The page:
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TunnelBear is generally fast and its popular free tier has been upgraded to a more generous 2GB monthly allowance.


  • Free version available
  • Clear no-logging policy
  • Wide platform support and sophisticated security features
  • Inexpensive annual subscription


  • Free service provides relatively limited bandwidth
  • Subscription fee increases upon renewal


  • UKRRP: £8.14
  • USARRP: $9.99

Key Features

  • Free tier available: TunnelBear VPN has a free tier that gives users 2GB of secure browsing every month.
  • Endpoints for 49 different countries:TunnelBear VPN has an astonishing number of endpoints, even with the free tier, which is useful if you want to use a server in a specific location.


TunnelBear has been owned by US online security firm McAfee since 2018. 2023 has already seen some exciting changes for the service, most notably an increase in the monthly data allowance for free users from 500MB to 2GB.

While this still isn’t as generous as Windscribe’s 10GB and ProtonVPN’s unlimited-bandwidth free services, the Canada-based service’s free VPN has a specific killer feature that’s unmatched by its free rivals.

TunnelBear allows free users access to any endpoint location accessible to paying users, without speed restrictions. It also has an endearing ursine mascot, reasonably priced paid-for subscriptions, and recently changed its no-torrenting policy.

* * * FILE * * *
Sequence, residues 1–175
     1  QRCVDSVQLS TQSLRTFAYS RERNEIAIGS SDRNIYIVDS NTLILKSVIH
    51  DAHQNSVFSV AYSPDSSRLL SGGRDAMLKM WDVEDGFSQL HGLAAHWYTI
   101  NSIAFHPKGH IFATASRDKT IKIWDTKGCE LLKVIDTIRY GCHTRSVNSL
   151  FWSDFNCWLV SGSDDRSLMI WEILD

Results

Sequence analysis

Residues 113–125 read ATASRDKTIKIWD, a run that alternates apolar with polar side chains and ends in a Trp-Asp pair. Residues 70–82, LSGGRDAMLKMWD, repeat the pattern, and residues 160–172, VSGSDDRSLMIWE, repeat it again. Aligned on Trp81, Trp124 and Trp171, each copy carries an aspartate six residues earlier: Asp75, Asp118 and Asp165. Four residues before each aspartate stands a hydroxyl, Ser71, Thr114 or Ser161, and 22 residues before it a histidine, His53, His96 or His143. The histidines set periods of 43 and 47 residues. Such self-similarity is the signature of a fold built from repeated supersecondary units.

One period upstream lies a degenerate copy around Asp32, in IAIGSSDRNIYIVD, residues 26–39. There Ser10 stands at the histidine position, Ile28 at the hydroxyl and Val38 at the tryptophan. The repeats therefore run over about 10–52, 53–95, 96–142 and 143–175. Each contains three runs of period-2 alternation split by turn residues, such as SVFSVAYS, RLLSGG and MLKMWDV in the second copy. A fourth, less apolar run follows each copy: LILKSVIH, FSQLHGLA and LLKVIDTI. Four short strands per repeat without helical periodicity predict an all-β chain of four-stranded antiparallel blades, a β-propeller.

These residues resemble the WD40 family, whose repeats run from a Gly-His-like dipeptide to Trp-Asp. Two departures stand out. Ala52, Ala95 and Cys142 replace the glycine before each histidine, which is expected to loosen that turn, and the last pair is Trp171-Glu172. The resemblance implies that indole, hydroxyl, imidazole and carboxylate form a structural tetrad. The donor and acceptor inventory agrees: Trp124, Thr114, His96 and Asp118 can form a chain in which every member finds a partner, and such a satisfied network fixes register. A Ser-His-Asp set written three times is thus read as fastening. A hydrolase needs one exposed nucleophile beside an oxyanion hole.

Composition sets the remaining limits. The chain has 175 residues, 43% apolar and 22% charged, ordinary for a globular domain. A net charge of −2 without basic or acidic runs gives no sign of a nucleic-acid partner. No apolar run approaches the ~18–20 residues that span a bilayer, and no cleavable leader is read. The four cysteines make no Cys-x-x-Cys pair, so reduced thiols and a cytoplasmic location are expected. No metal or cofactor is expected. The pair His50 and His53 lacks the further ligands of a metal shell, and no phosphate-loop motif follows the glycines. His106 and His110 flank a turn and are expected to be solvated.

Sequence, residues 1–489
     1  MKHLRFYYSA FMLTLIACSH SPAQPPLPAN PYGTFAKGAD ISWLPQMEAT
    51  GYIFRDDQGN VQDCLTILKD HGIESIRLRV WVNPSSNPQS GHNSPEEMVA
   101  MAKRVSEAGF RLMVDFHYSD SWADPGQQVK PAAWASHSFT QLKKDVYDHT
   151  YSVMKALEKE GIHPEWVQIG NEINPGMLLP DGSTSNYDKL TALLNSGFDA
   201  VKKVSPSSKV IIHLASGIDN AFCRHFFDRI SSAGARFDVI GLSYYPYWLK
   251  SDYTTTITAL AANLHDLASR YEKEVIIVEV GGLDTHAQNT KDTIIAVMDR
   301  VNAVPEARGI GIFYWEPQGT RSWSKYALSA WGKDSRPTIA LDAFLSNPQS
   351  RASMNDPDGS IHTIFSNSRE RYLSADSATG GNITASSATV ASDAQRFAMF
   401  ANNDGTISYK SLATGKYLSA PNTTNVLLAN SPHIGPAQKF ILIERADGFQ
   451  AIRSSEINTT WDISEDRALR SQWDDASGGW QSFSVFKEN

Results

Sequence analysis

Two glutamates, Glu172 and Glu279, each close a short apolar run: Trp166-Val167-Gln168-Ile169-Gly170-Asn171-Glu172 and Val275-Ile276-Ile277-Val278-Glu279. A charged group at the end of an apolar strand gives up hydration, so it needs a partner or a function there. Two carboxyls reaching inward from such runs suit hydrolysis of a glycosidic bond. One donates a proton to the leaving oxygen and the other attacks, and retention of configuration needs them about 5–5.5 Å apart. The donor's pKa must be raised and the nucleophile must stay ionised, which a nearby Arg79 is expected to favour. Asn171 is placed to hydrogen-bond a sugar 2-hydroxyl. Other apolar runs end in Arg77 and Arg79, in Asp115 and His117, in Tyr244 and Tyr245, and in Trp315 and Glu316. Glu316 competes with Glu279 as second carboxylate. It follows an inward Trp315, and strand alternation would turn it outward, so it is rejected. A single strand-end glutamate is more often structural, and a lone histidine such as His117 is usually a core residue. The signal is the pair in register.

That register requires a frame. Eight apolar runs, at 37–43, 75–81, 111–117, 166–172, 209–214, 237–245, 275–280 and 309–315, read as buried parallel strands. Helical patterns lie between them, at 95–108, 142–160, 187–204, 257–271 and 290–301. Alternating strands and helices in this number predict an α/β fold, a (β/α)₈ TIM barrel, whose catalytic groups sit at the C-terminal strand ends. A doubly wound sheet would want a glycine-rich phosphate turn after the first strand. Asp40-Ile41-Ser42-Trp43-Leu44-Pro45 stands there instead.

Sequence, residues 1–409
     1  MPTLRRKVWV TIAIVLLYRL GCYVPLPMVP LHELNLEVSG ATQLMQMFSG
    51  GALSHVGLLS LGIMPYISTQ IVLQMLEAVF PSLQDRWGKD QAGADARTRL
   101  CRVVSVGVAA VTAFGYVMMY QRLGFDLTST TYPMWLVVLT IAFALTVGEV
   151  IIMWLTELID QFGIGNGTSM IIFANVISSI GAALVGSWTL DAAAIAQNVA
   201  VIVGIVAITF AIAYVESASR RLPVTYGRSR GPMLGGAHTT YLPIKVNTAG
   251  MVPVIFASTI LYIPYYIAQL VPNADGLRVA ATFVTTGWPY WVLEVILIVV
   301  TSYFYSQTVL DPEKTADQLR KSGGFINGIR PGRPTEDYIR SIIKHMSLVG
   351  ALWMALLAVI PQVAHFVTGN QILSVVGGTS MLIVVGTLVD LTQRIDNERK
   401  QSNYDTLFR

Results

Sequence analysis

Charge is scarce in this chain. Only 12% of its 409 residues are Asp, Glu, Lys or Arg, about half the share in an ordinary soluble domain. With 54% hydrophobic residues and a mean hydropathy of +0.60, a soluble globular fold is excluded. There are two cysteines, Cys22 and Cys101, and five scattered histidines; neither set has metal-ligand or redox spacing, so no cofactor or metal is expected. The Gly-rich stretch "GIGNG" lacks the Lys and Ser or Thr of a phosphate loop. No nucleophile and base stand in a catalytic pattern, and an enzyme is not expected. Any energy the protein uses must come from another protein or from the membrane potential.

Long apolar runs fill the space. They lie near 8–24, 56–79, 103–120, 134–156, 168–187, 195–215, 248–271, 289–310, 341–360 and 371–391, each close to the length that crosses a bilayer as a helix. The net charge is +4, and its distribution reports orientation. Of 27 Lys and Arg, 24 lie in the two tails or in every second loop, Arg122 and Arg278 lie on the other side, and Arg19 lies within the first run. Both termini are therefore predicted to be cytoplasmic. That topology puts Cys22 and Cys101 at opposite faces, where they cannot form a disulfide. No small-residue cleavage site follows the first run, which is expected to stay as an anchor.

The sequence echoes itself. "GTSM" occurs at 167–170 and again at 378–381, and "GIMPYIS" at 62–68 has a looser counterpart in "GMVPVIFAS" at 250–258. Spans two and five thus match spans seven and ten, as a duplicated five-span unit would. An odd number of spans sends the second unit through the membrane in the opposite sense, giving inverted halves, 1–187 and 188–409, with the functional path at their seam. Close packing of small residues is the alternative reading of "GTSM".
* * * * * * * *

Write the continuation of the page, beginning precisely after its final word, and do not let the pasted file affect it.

Pricing and subscriptions

TunnelBear’s upgraded 2GB free allowance still isn’t as generous as our favourite alternative free VPNs, but it’s a definite improvement.

If you need more than that, TunnelBear currently costs $9.99/£8.14 for a monthly subscription, $49.88/£39.90 per year, or $120/£97.73 for three years. It’s a bargain, with only Private Internet Access’s one-year subscription coming in cheaper among those I’ve recently reviewed.

That currently-listed $49.88 subscription renews at $59.88, the latter being a figure I regularly see TunnelBear charging for annual subscriptions. However, at a difference of $10, you’re not in danger of being stung by an unexpectedly massive payment when renewal rolls around.

Privacy and Protection

  • Features a no-logging policy
  • Has been independently audited